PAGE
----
Systerly is a business collaboration between sisters Meli Axford and Angie Finn that connects women who want to buy equitable and sustainable fashion with a network of local makers.

Axford is a digital product designer with 15 years experience in startups and Angie is a fashion designer with 30 years experience in her field. Systerly does not outsource their production to factories. Instead, when orders are placed, they fill them with garments hand made by one of their many makers in Australia. These makers earn a living working at home with their families, producing quality clothes and being fairly paid.

When asked what inspired the collections, Finn said, “When I first started thinking about sustainable fashion I was focused on a model that found a balance between great jobs that people want, that are satisfying and pay well, alongside practices and materials that minimise harm to the environment.” Axford added, “It’s the amazing dresses I’ve had in the past and simply can’t buy again as fashion has moved on! It’s so annoying. These pieces are like jeans – you need to be able to buy them all the time.” While both are interested in fashion, Axfor finds her passion is more on the technological side. “I’ve been working in tech startups here and in the US and UK for 20 years and I wanted to build something that would leverage the latest technology to help regional women get work they enjoyed doing.”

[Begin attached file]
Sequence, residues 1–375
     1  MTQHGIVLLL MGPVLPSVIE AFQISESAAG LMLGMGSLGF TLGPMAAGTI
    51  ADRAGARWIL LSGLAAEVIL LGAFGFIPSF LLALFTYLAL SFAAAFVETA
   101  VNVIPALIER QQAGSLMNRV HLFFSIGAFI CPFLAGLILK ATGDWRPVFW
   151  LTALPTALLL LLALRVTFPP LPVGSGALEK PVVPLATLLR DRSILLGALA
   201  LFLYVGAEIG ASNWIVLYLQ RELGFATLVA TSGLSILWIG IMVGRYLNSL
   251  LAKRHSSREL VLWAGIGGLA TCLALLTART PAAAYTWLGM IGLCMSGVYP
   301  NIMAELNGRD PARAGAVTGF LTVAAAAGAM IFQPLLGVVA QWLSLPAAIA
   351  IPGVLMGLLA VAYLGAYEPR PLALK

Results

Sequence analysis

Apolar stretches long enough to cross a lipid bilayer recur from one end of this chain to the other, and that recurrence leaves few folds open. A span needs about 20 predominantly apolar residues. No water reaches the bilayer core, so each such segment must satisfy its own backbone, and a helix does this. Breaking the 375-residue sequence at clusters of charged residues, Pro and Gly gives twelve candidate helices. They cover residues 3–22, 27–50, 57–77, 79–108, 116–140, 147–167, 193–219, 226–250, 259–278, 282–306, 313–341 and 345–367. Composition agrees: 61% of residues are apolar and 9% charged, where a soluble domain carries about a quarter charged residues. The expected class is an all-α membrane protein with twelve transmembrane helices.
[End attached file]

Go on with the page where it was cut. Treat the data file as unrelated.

Working to connect regional people and areas is also of great importance to the sisters. “I’ve worked remotely (both from home and as a digital nomad) for years shaping other people’s products and I wanted other women to have the opportunity to have that type of lifestyle.” Axford said, “People in metropolitan areas might not realise the limited options regional women have. Some small towns don’t even have good public transport let alone jobs that can lead to a rewarding career. Systerly is a chance for women with options to spend a small amount of their fashion budgets on a garment that creates options for their sisters in the country.”

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